Just Peachy…

Standard

There was never going to be a “good moment” for me to discover that Certain Parties had put the blender chopping unit through the dishwasher and by doing so, had lost the gasket.  But a particularly “poor” moment for me to discover this was 24 hours after filling the kitchen with groceries for 1001 Nights of Fresh Produce, many of which feature blended soups.  And the discovery of this fact while the blender was fully loaded was downright inauspicious.

The Party of the First Part is a cleaning demon.  The kitchen is full of clean dishes, the drawers are full of clean laundry, and the housekeeper arrives like clockwork every two weeks to take care of the rest, and it is all to the credit of this Party.

However, Party of the First Part is also prone to letting the words of the Party of the Second Part flow against his or her eardrums like the soothing lapping of waves on rocks, or like mood music from the massage therapist.  This, evidently, includes words like “Please don’t put that chopping unit through the dishwasher, because the gasket will get damaged or lost, and then we won’t be able to use the blender.”   The Household Labor Exchange dictates that in consideration of the vast heaps of clean laundry and dishes, the Party of the Second Part is responsible for mechanical repairs, dealing with contractors, maintenance, and appliances.

Doubtless the proximate cause of this matter boils down to the usual one: language.  In retrospect, it was probably not a good idea to assume that Party of the First part had, as a working component of his or her vocabulary, terms like “chopping unit” and “gasket”.  It is more than likely that Party of the First Part considered the deployment of these Technical Terms in the same light as Mortitia Addams’ strategic deployment of French.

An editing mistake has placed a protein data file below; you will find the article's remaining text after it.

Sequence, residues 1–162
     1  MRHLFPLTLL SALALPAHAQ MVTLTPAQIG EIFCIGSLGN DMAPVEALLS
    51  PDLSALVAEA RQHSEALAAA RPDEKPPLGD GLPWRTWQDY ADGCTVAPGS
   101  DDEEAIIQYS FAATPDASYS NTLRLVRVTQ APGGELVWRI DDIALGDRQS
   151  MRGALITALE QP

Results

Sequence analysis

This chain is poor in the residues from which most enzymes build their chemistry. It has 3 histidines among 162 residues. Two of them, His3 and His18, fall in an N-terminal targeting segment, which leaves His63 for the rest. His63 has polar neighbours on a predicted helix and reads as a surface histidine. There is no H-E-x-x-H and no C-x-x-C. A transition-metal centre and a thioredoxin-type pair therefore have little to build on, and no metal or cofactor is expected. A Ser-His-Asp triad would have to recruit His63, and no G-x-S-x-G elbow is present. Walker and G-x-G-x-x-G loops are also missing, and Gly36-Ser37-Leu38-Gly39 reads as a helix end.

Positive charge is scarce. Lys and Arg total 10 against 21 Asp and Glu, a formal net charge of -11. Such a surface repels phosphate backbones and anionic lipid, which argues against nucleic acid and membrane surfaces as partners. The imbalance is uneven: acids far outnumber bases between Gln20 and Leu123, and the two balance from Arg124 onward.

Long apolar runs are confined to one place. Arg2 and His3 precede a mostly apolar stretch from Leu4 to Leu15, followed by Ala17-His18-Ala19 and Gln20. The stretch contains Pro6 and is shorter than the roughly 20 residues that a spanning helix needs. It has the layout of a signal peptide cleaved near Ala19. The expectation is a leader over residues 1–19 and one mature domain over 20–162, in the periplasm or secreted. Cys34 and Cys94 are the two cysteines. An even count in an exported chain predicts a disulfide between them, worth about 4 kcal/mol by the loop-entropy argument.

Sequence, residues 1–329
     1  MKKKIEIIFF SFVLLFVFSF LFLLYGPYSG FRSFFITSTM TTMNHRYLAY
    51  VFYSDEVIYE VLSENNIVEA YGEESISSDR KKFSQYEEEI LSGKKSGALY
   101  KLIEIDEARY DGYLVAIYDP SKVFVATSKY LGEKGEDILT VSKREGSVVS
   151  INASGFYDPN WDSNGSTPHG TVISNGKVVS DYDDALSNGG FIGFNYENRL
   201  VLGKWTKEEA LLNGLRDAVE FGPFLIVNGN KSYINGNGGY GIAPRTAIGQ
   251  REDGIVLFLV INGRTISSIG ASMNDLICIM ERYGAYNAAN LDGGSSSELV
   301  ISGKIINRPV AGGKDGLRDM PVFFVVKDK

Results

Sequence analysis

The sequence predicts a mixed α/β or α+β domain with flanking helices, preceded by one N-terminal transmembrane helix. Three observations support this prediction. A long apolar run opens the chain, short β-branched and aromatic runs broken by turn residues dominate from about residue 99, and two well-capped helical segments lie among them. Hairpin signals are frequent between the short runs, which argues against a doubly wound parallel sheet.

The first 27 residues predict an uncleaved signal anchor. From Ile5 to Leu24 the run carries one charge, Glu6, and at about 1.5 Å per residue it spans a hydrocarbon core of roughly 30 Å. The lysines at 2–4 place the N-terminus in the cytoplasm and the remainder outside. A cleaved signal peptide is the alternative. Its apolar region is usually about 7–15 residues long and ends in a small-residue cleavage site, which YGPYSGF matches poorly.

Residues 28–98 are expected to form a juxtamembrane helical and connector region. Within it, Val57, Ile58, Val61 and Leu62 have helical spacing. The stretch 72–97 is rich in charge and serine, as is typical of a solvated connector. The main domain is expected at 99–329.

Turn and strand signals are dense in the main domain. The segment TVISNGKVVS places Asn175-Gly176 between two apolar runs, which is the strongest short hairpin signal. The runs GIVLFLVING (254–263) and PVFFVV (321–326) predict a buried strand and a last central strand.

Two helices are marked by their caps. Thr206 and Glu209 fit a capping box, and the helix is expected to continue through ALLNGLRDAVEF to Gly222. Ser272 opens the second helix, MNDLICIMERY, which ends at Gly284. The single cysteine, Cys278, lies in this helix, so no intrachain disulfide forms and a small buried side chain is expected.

All of which leads to the discovery on Saturday evening, while the blender is loaded with the vegetable base of a corn bisque that needs to be pureed for the soup to take form, of the blender suddenly spewing liquids from the base.

Then there was cursing.

And then there was a brief trip to the computer to find out whether replacement gaskets could be sent or whether my$100 KitchenAid blender was now an extravagantly expensive paperweight.  Thank heavens for Amazon.  The only flies in the ointment were 1) the gasket isn’t eligible for Prime, so who the devil knows when it will get here, and 2) I still had a pan full of the base for the bisque, and it still needed to be pureed.  The Shining Blessing of the moment was that Party of the First Part was not in a physically proximate location, nor available for phone conversations, which saved me from having to say the Four Worst Words in the Language of Marriage:  I. Told. You. So.  Or, rather, it saved that experience until now…

Thus began a great career of exploration and innovation:  how to puree the soup base without using a blender?